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Definition: Civil Disobedience (sociology) from The SAGE Glossary of the Social and Behavioral Sciences

The denunciation of governmental rules, the refusal to obey certain laws, or a protest against policies and/or governmental action. Civil disobedience is commonly nonviolent, and protestors can illegally occupy a building, form a cordon, or demonstrate peacefully. The likelihood of arrest is high. Leaders such as Martin Luther King Jr. and Mahatma Gandhi used civil disobedience to draw attention to their cause.


Summary Article: civil disobedience from The Columbia Encyclopedia

refusal to obey a law or follow a policy believed to be unjust. Practitioners of civil disobedience usual base their actions on moral right and employ the nonviolent technique of passive resistance in order to bring wider attention to the injustice. Risking punishment, such as violent retaliatory acts or imprisonment, they attempt to bring about changes in the law. In the modern era, civil disobedience has been used in such events as street demonstrations, marches, the occupying of buildings, and strikes and other forms of economic resistance.

The philosophy behind civil disobedience goes back to classical and biblical sources. Perhaps its most influential exposition can be found in Henry David Thoreau's On the Duty of Civil Disobedience (1849), in which he claims that the individual, who grants the state its power in the first place, must follow the dictates of conscience in opposing unjust laws. Thoreau's work had an enormous impact on Mohandas Gandhi and the techniques that he employed first to gain Indian rights in South Africa and later to win independence for India. Gandhi developed the notion of satyagraha [Sanskrit: holding to truth], acts of civil disobedience marked by Indian tradition and his own high moral standards and sense of self-discipline. Attracting a huge number of followers from the Indian public, Gandhi was able to use the technique as an effective political tool and play a key role in bringing about the British decision to end colonial rule of his homeland. His was one of the few relatively unqualified successes in the history of civil disobedience.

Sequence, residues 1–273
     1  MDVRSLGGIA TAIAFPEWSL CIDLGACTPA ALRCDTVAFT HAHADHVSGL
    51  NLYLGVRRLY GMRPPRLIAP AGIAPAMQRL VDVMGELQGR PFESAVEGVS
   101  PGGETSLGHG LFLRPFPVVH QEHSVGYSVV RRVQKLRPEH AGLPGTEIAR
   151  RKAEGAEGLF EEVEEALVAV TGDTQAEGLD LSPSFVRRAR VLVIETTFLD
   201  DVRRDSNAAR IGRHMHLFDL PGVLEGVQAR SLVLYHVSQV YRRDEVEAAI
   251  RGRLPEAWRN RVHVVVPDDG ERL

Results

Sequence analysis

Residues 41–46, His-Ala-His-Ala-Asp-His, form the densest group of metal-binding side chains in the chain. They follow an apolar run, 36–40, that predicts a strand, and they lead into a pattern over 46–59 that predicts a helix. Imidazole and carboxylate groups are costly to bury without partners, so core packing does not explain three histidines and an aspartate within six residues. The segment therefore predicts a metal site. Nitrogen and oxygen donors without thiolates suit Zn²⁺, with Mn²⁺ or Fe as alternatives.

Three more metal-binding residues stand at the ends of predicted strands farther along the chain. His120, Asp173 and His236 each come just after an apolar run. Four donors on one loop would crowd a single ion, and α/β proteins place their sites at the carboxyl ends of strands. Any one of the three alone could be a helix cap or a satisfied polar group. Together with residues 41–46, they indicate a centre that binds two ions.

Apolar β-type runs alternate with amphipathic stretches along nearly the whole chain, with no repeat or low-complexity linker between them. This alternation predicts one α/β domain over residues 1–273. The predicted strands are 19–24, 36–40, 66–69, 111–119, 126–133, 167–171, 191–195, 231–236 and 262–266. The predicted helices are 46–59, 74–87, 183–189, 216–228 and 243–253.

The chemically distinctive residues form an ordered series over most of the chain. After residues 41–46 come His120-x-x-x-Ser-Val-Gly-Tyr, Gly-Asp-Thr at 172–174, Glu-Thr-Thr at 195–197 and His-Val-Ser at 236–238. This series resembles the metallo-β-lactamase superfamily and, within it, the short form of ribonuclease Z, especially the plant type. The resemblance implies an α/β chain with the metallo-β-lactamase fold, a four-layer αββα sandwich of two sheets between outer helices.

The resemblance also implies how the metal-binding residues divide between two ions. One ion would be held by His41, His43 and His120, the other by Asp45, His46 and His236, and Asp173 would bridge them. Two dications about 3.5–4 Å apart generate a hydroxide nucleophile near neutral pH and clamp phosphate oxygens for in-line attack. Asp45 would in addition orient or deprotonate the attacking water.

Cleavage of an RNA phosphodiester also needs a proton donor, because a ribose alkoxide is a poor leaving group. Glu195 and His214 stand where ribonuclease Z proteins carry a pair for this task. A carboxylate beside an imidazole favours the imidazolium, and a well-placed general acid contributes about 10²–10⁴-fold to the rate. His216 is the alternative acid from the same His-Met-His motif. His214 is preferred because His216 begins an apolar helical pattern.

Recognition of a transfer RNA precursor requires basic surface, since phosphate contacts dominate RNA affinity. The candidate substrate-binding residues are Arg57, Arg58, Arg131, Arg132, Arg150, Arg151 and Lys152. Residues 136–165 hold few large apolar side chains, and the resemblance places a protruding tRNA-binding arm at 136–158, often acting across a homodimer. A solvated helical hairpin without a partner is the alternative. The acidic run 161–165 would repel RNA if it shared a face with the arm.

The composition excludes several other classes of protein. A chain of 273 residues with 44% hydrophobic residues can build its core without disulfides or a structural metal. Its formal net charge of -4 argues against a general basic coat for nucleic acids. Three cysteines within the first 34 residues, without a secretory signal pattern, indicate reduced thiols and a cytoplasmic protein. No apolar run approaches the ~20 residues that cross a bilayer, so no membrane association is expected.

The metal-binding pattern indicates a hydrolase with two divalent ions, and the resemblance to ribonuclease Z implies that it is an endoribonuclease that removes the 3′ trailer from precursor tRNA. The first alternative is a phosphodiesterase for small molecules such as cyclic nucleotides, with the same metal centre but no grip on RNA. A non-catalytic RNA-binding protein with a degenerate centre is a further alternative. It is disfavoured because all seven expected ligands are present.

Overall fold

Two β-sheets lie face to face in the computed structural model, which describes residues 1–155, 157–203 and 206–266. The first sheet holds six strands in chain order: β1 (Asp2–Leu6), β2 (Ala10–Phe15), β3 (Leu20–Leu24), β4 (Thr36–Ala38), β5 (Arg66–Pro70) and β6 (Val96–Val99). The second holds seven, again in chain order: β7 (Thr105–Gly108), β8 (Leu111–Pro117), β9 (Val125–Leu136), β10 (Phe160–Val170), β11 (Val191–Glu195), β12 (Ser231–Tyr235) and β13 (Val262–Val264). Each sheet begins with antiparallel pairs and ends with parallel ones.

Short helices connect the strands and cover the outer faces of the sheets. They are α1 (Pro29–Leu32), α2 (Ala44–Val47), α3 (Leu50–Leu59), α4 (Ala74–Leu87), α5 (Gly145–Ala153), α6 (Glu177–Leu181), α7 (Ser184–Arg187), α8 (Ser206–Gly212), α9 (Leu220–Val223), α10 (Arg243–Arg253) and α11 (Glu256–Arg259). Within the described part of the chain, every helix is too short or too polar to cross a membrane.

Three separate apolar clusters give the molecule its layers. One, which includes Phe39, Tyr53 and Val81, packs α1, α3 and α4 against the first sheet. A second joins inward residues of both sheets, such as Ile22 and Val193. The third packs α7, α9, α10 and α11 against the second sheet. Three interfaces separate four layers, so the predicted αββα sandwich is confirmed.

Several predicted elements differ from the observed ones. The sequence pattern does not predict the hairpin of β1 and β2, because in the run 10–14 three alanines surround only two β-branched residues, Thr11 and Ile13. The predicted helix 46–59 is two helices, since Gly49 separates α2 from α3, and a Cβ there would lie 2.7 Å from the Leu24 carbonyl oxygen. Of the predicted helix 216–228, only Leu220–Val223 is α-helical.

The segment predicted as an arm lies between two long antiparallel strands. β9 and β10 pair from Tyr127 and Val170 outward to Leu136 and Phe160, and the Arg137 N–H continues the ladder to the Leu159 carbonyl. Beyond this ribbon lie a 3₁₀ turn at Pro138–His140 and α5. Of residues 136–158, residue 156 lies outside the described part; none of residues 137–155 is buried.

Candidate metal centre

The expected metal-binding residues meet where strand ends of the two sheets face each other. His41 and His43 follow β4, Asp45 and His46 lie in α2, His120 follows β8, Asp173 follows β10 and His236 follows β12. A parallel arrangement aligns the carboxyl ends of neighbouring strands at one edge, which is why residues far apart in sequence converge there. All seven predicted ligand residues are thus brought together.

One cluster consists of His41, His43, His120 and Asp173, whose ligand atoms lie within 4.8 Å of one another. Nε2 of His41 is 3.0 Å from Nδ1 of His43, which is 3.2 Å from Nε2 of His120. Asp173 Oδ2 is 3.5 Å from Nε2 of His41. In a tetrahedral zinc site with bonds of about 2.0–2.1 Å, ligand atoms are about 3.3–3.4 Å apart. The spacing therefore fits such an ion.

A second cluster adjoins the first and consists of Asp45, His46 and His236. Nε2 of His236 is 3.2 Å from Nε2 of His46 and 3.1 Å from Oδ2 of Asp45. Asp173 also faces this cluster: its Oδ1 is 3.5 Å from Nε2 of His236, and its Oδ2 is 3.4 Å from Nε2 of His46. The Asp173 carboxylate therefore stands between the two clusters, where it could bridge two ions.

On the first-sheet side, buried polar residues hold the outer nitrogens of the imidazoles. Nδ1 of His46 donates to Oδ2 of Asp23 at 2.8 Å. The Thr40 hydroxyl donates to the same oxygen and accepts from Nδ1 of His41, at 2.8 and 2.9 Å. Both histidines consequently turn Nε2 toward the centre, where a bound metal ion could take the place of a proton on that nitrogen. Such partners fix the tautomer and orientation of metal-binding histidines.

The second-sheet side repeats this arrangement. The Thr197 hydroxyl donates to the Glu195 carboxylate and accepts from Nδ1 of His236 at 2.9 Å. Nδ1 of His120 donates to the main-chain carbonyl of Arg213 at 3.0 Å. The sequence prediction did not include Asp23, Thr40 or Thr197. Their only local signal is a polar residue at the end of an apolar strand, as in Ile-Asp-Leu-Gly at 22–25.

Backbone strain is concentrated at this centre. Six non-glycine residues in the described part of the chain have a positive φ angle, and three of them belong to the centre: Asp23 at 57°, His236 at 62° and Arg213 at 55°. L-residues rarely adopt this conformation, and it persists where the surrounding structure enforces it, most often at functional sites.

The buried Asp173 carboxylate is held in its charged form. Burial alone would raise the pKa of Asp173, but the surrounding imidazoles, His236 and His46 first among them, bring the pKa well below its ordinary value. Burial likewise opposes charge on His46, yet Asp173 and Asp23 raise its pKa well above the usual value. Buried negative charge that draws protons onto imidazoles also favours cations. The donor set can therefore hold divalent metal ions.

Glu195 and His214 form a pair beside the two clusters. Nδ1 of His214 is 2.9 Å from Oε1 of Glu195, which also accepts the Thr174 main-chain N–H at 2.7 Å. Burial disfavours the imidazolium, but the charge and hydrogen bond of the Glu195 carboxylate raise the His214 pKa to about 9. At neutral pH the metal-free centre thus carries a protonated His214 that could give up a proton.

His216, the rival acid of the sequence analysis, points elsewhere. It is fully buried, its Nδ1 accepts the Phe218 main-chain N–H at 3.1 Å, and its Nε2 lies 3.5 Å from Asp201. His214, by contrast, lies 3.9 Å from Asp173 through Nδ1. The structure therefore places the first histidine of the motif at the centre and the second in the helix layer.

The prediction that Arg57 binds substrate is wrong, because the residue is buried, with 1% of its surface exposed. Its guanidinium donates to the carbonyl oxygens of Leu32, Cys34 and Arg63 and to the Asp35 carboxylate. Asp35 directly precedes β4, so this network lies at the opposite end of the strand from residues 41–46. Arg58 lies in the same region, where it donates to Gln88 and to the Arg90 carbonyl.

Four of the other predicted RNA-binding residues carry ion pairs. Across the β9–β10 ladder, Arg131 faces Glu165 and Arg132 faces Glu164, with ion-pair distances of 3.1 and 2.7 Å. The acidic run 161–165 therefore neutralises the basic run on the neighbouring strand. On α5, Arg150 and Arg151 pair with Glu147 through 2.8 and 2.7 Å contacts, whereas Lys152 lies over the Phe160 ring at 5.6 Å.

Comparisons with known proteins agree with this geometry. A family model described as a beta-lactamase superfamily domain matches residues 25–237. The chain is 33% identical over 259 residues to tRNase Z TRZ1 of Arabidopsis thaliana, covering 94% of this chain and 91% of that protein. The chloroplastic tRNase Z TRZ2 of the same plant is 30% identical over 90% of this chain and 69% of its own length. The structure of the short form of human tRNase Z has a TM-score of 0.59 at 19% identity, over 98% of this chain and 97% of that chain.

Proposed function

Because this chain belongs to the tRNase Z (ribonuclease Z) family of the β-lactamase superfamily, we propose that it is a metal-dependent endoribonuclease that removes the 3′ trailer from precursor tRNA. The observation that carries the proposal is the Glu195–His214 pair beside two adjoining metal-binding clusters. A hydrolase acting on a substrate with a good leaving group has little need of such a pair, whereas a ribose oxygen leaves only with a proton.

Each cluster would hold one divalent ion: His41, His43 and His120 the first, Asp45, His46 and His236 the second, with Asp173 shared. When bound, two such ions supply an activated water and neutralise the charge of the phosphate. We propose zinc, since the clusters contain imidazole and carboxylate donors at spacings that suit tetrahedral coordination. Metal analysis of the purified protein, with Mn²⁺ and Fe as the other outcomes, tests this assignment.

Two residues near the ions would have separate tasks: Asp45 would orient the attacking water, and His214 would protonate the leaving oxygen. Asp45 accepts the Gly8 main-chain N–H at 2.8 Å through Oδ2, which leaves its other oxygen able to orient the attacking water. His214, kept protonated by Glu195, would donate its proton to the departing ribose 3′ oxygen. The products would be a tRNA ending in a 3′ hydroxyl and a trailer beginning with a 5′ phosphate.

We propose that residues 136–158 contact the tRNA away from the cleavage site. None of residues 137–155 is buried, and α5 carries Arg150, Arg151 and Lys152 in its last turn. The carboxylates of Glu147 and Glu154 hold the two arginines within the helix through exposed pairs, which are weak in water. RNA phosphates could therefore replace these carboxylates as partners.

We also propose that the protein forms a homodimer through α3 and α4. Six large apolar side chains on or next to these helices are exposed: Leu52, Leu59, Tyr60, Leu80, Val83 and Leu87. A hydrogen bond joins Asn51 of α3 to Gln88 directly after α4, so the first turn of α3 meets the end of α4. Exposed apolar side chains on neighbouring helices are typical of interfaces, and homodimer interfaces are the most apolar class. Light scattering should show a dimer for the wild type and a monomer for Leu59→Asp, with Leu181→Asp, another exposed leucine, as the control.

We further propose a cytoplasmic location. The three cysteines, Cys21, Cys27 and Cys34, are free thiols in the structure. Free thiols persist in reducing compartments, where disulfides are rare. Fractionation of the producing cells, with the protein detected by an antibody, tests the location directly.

The philosophy and tactics of civil disobedience have been used by Quakers and other religious groups, the British labor movement, suffragists, feminists, adherents of prohibition, pacifists and other war resisters (see conscientious objector), supporters of the disabled, and a wide variety of other dissenters. In the United States, the most outstanding theoretician and practitioner of civil disobedience was civil-rights leader Dr. Martin Luther King, Jr. During the 1950s and 60s he achieved international fame by leading numerous peaceful marches, boycotts, and sit-ins. Like Gandhi, he was jailed several times. The beatings, mass arrests, and even killings of civil-rights demonstrators pledged to nonviolent civil disobedience were important factors in swaying public opinion and in the ultimate passage of new civil-rights legislation (see integration). Civil disobedience in the United States traditionally has been associated with those on the left of the political spectrum, as were most participants in the anti–Vietnam War movement, but toward the end of the 20th cent. the strategy also began to be employed by those on the right, for example, by those involved in confrontational but nonviolent antiabortion activities.

  • See Woodcock, G., Civil Disobedience (1966);.
  • C. Bay and C. C. Walker, Civil Disobedience (1973, repr. 1999);.
  • Weber, D. R., Civil Disobedience in America: A Documentary History (1978);.
  • Nardo, J. De, Power in Numbers (1985);.
  • Harris, P., Civil Disobedience (1989);.
  • H. A. Bedau, ed. Civil Disobedience in Focus (1991);.
  • Herngren, P., Paths of Resistance (1993);.
  • Randle, M., Civil Disobedience (1994);.
  • Carter, S. L., The Dissent of the Governed (1998);.
  • Bleiker, R., Popular Dissent, Human Agency, and Global Politics (2000);.
  • Roberts, A.;Ash, T. G., Civil Resistance and Power Politics (2009).
The Columbia Encyclopedia, © Columbia University Press 2017

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